The first time Ronda Rousey saw "The Expendables 3," she watched the movie while covering her face with her hands.
Rousey, the UFC women's bantamweight champion, plays Luna in the film, which opened nationwide Friday. Luna, Rousey says, "is a lot more cold-blooded than I am."
She spent eight weeks on a set in Bulgaria last year, shortly before she returned home to defend her title in a grudge match in Las Vegas against Miesha Tate at UFC 168. Rousey said seeing herself on the screen for the first time was nerve wracking, though.
As she watched with a group of friends, she knew they'd be peeking a glance at her. This woman, who seems totally comfortable fighting or doing interviews in front of crowds, struggled to deal with the scrutiny the first time around.
"Anyone I was watching the movie with would look at my face to see my reaction to watching myself and so I got self-conscious about how I looked watching me," Rousey told Yahoo Sports, chuckling.
The film has gotten so-so reviews at best, but Rousey has been singled out for praise by numerous critics. The Independent in London wrote, "She is the only significant female character in the film but is woefully underused."
A review on RogerEbert.com says of her, "Standing out from this bunch is MMA fighter Ronda Rousey, who displays a leadership quality that aligns her with Barney despite her stereotypical entrance fighting several men while dressed for maximum hotness."
Indiewire.com 's review said of Rousey, "The film momentarily spikes when a young female Expendable is introduced, played by wrestler Ronda Rousey, although it dips just as suddenly when it becomes very clear that she is the only Expendable whose paramilitary get-up has a plunging neckline."
The Boston Globe's review referred to Rousey as "a pumped-up Julia Stiles lookalike unafraid to give Barney some sass."
The Los Angeles Times' Kenneth Turan wrote of Rousey, " … as the world's top female mixed martial artist, she makes the biggest impression … "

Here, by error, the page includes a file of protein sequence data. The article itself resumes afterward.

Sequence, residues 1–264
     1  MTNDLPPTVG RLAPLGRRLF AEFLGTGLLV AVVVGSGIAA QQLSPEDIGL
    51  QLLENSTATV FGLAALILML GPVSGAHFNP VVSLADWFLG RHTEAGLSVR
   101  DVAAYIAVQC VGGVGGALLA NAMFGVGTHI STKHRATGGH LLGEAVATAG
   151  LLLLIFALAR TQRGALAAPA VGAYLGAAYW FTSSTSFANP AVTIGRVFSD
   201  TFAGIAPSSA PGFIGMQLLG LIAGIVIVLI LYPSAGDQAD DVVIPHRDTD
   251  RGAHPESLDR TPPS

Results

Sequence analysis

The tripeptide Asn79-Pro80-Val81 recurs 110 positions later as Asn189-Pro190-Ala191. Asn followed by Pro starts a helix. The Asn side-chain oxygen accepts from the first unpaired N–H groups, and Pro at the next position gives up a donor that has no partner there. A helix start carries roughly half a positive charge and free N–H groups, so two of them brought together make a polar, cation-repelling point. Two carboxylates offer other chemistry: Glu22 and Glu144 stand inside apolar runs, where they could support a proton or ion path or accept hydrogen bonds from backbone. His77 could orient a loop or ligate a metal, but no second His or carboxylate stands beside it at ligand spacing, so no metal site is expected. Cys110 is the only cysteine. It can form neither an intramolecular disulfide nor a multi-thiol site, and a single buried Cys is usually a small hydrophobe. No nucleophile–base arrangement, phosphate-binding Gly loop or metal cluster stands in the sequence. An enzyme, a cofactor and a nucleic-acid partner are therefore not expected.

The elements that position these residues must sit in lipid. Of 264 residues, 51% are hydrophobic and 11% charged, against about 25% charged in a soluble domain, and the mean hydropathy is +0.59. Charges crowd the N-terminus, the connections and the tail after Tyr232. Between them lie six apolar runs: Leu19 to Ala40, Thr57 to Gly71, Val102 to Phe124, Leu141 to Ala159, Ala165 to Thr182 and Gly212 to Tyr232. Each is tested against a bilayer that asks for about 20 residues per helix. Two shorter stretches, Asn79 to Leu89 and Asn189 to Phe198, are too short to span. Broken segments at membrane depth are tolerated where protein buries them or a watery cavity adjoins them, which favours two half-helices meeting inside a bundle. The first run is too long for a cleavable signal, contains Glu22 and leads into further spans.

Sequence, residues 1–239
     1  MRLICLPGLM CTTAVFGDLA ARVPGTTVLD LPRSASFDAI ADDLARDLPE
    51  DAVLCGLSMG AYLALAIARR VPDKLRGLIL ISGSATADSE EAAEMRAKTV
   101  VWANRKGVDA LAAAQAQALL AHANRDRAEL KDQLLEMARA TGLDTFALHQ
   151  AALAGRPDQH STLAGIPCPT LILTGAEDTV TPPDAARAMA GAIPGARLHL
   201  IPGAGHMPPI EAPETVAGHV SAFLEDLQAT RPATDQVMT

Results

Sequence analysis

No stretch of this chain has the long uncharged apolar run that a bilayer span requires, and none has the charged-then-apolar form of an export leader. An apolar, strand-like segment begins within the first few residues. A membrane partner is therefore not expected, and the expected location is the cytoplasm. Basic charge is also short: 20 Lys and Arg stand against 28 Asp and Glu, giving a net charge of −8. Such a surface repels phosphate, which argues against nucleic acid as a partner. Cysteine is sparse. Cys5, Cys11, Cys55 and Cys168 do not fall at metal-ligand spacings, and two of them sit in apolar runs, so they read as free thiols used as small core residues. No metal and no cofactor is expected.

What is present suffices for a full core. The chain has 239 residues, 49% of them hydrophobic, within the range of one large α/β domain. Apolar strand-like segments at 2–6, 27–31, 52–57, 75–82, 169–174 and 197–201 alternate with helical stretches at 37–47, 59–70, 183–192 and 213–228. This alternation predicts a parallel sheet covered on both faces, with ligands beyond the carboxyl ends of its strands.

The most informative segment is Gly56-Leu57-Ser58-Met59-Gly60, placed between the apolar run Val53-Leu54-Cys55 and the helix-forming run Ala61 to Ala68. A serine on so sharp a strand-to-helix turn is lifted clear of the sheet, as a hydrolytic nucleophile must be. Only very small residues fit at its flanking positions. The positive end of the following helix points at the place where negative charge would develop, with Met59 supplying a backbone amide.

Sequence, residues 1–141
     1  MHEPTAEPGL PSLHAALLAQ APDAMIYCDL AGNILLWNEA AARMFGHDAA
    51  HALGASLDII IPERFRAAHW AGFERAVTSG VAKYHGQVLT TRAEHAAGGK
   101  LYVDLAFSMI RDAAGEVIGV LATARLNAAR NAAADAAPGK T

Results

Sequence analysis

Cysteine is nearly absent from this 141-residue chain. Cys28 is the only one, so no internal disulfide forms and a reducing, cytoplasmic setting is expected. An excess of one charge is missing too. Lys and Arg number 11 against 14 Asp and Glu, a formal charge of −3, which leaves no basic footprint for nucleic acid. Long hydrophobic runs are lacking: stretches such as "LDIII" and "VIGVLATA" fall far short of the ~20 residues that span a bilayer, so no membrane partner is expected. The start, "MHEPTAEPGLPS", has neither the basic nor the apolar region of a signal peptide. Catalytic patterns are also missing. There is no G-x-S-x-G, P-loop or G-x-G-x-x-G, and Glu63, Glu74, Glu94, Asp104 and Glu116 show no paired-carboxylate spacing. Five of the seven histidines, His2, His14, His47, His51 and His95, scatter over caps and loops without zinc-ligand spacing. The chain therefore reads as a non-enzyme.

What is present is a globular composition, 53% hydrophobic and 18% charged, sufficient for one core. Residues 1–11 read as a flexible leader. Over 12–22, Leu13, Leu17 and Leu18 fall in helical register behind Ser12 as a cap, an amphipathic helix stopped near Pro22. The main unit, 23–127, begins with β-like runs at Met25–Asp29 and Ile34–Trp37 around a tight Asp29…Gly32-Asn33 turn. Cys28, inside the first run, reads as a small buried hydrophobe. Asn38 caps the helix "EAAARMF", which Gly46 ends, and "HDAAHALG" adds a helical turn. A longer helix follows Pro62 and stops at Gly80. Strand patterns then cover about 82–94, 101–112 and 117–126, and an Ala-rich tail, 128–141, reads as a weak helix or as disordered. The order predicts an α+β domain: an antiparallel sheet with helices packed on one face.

Richard Roeper of the Chicago Sun-Times didn't like the movie and didn't like Rousey. He was the reviewer most critical of Rousey's performance.
He wrote, Rousey is a "terrific fighter but such a horrible actress, her attempts at conveying emotion make it look as if she just had some horrific gastronomic accident."
Rousey – who has filmed roles in "Fast & Furious 7" and "Entourage," and has a book being adapted into a film to feature her, "The Athena Project" – is a highly intelligent woman. She knows she's not ready to earn an Academy Award nomination yet. But she wants a career in the movies and has hired acting coach Warner Loughlin to help her development.
She can easily pick out the mistakes she's made in fights, even though she's so dominant most critics don't catch them. But it's not as easy, she said, watching her acting.
"It's much harder for me to judge myself in a movie," she said. "I definitely have big goals and aspirations, but I'm also not delusional in that I know I have a lot to learn and a lot to improve upon. It's hard for me to be as good of a critic of myself in a movie as I am in fighting. I know that so thoroughly and I grew up doing it.
"It's a lot simpler for me to critique my fighting as opposed to acting. I'm so new at this and I care so much and I'm trying so hard. But I also have so much to learn that it's easy to doubt my ability to properly critique it."
Moviegoers now get the opportunity to critique it. But with two other films already under her belt and at least another on the way, Rousey is going to become a more familiar face for the movie fans.
Much like her fight career, she's not going to worry about how the critics perceive her.
"I'm going to affect and control what I can and do the best job I can when I have a role," she said. "But how people perceive it, I don't have a hand in that and so I can't let myself be concerned with it."
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- Ronda Rousey